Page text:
Burke, Nathaniel B. “Intimate Commodities: Intimate Labor and the Production and Circulation of Inequality.” Sexualities 19, no. 7 (October 1, 2016): 780–801. doi:10.1177/1363460715616948.
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Abstract
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This article utilizes gay adult film as a means to understand the commodities generated through intimate labor. It offers a new concept, intimate commodities, in order to understand what, in addition to intimacy, is produced through intimate labor. Intimate commodities are material objects that are generated in conjunction with intimate labor, which are then traded or sold, and through their utilization generate intimate ties between individuals and themselves, other persons, or groups. Through ethnography and a survey of men who perform in the gay adult film industry, this study explores how the stratification of the conditions of production influence the commodities themselves, their use, and how, through their circulation, they may perpetuate inequalities. This conceptualization calls for increased attention to the illusory divide between productive and reproductive labor.

Kozma, Liat: Women’s Migration for Prostitution in the interwar Middle East and North Africa, in: Journal of Women’s History, Volume 28, Number 3, Fall 2016, pp. 93-113. 

Abstract

This article examines the migration of women for prostitution around the Mediterranean Sea, particularly to and within the Middle East and North Africa, in the interwar period. Reading League of Nations’ reports on traffic in women and children along with other published and archival sources, it situates women’s mobility within three significant waves of migration at the time: of south European men and women to Europe’s colonies in North Africa; of east European Jews westwards and southwards; and of Syrians outside of Mt. Lebanon. It shows how women’s migration can be explained and traced by following such temporary travelers as tourists, sailors, and soldiers and such more permanent migrants as settlers, refugees, and labor migrants. By using the category of migration, this article argues that “traffic in women” is insufficient as an analytical category in accounting for the geography of prostitution and prostitutes’ international mobility in the interwar Mediterranean.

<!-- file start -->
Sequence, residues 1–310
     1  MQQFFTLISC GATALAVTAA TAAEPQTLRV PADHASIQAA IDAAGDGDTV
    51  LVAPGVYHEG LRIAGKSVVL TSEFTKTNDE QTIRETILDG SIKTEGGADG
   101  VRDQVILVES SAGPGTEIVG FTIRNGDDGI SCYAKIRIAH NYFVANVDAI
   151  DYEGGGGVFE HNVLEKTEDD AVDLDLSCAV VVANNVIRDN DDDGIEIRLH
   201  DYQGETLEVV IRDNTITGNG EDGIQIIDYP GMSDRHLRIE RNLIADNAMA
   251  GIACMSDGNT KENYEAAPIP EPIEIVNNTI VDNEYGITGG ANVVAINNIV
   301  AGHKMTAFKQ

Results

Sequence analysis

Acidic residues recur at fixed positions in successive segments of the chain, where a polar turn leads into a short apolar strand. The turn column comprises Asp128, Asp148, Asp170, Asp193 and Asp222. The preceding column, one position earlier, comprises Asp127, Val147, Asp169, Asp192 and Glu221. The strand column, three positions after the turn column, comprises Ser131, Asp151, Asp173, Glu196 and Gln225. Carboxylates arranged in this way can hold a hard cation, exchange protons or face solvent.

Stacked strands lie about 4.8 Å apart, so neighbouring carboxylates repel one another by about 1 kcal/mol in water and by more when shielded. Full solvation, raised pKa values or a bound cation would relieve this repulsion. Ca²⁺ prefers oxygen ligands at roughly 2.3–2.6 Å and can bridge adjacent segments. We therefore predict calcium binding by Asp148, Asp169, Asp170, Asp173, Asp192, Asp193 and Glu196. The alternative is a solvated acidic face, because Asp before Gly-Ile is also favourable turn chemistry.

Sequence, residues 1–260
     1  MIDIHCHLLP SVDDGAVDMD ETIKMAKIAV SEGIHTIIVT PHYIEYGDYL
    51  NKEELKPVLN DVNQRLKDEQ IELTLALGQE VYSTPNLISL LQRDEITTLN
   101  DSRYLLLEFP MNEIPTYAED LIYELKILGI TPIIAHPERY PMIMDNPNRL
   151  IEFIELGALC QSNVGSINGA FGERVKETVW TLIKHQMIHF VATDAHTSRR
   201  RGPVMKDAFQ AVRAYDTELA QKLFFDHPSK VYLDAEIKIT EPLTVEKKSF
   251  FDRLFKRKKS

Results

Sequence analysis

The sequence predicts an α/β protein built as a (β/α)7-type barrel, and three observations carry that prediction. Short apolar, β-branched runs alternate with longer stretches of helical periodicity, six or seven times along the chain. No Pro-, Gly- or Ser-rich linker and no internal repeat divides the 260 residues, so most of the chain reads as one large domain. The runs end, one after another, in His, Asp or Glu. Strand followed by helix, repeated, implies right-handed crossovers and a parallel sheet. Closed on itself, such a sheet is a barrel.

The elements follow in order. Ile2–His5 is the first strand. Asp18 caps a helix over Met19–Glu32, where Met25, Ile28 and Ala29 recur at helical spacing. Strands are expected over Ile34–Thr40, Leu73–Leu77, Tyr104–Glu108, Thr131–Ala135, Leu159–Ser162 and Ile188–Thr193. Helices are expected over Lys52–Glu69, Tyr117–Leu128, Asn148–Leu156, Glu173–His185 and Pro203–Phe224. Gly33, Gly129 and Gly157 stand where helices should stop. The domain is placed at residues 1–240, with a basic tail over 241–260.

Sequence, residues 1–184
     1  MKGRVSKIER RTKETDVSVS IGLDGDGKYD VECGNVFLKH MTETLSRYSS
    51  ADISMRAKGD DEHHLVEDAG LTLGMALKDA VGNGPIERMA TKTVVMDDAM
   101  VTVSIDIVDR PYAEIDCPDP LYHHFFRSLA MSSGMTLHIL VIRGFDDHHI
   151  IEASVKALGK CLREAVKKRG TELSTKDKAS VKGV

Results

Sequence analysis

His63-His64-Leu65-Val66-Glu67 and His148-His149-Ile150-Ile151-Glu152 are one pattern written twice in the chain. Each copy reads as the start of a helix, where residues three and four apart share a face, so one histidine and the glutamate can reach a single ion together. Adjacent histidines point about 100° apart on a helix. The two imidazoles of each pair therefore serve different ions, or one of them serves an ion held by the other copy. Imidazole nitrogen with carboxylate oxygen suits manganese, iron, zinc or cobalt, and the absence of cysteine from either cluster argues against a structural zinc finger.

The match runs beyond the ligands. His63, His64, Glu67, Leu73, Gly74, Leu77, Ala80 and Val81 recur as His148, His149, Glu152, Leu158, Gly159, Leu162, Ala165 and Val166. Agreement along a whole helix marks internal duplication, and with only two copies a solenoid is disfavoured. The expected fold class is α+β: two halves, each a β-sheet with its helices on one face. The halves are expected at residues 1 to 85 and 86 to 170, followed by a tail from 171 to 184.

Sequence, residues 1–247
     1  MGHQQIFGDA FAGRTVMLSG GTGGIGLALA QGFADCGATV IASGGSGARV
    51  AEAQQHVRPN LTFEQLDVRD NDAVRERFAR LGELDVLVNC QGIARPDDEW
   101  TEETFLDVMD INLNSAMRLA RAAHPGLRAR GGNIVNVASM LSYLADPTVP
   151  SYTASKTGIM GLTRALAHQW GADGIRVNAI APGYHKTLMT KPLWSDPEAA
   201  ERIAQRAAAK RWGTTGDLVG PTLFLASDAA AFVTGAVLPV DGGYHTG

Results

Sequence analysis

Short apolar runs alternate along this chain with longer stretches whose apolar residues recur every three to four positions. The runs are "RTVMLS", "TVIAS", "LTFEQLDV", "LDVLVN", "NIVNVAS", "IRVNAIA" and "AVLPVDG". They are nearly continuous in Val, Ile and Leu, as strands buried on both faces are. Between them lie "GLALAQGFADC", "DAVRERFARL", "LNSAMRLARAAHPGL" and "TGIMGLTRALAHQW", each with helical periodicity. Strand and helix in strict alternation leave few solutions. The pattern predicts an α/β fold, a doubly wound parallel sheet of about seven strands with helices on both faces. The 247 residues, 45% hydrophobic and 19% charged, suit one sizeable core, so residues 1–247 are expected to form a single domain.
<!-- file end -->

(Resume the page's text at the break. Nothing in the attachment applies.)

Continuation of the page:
Also see: Kozma, Liat: Global Women, Colonial Ports. Prostitution in the Interwar Middle East, SUNY Press, 2016. 

Podcast Marginalized Women in Khedival Egypt

Huschke, S. “Victims Without a Choice? A Critical View on the Debate About Sex Work in Northern Ireland” Sex Res Soc Policy (2016). doi:10.1007/s13178-016-0254-9

In this paper, I argue that the implementation of the “Swedish model”—the criminalization of the purchase of sex—in Northern Ireland in 2014 provides an example of a morality-driven policy process in which the actual concerns of sex workers were distorted and dismissed. In the policy debate, sex workers were portrayed as victims who had no choice—a claim passionately refuted by many sex workers. As a result of the narrow focus on “victim vs. free choice,” there has been little room to discuss the actual working conditions of sex workers and the structural constraints that inhibit their freedom and negatively affect their well-being. In this paper, I present the contradictions and conflicts between the personal opinions of Northern Irish policy-makers on one hand and the actual experiences and views of sex workers on the other. By juxtaposing these views, I facilitate a belated conversation between policy-makers and sex workers—a conversation which can inform policy debates in other jurisdictions.

Sharma, Nandita. “Anti-Trafficking Rhetoric and the Making of a Global Apartheid.” NWSA Journal 17.3 (2005): 88-111.